What to expect in the future
The 2017 ACR workforce survey found that hiring projections will continue to increase over the next year. In both rural and urban practices and throughout radiology subspecialties, employers will be hiring more practitioners among a smaller selection of applicants. The ACR workforce survey determined that its annual one-year projections have been substantially accurate, but its three-year predictions have been consistently lower than the actual hiring rate. The ACR was not able to foresee this drastic increase in job availability, and it predicts an even greater spike in the coming years.
This is great news for fellows who will soon be entering the job market, as well as for experienced radiologists looking to make a change -- and less-than-great news for groups losing productive radiologists. Currently, there are 730 jobs posted on the ACR site, and we see no sign of this slowing. RBS estimates that total job postings could reach 900 by the end of 2018.
What should we do?
Practices with radiologists nearing retirement should work to solidify time frames for their retirement, allowing the group a full year or more to recruit a quality replacement. Understaffed radiology groups should reconsider their recruiting strategy, partnership track lengths, and starting salaries.
Over the hundreds of consulting projects RBS has conducted over the past 15 years, we have consistently seen staffing shortages leading to overworked and stressed radiologists and groups. Perpetual and recurrent understaffing inevitably leads to service and quality issues, resulting in complaints by medical staff and potential risks to the group's hospital contract. With a shortage of radiologists projected for the next few years, radiology groups should prioritize staffing to minimize burnout, maintain service levels, and provide security for the practice.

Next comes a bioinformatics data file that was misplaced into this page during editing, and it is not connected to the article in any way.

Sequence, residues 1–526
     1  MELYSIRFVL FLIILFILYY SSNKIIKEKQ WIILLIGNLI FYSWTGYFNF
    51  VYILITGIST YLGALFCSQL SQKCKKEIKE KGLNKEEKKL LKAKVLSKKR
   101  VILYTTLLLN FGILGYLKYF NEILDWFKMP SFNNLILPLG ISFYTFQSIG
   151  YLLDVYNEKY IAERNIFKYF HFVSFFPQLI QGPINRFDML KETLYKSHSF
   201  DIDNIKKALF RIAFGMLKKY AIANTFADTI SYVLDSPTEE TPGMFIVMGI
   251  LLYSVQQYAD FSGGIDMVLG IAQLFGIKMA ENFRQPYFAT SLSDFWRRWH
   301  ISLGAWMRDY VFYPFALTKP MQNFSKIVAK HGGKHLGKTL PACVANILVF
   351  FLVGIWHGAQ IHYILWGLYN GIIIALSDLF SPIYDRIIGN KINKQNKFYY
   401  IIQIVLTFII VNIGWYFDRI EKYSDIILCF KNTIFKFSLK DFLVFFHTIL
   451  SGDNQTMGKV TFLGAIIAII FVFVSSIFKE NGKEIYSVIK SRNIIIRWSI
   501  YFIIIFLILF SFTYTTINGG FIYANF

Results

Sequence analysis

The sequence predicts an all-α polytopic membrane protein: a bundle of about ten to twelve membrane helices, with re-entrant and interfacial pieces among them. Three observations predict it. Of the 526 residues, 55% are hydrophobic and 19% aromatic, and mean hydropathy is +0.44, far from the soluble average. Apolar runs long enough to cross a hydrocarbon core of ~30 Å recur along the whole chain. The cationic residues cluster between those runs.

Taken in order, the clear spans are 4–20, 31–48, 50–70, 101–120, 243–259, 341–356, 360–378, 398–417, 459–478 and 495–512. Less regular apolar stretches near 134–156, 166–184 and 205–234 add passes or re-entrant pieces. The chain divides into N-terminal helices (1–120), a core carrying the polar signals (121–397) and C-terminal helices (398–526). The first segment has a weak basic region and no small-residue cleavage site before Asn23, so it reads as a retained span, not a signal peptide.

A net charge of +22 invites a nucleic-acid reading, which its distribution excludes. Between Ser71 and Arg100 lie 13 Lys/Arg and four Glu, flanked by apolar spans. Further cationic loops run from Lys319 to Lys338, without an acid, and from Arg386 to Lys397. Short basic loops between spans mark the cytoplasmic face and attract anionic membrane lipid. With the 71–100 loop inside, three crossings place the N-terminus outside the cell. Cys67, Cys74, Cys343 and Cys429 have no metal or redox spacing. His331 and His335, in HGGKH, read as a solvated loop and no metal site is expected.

- Bluth EI, Bansal S, Bender CE. The 2017 ACR Commission on Human Resources Workforce Survey. J Am Coll Radiol. 2017;14(2):1613-1619. doi:10.1016/j.jacr.2017.06.012.
- Medical Marketing Services (MMS) - MMSNOW online AMA Master List Search Engine
Daniel Corbett is a founder and chief of business development at Radiology Business Solutions, which now offers a concierge-style approach to recruiting radiologists for nonmanagement clients. The firm conducts detailed analyses of both the radiology group and the position it hopes to fill, studying the group's history, leadership, and expectations to differentiate the job opportunity from others. RBS then sets the stage for meaningful and productive interviews that lead to effective hiring. By leveraging accurate information with real relationships within the group, RBS is able to more effectively identify interested candidates and prequalify them for interviews, saving time and costs in a challenging market.
The comments and observations expressed herein do not necessarily reflect the opinions of AuntMinnie.com.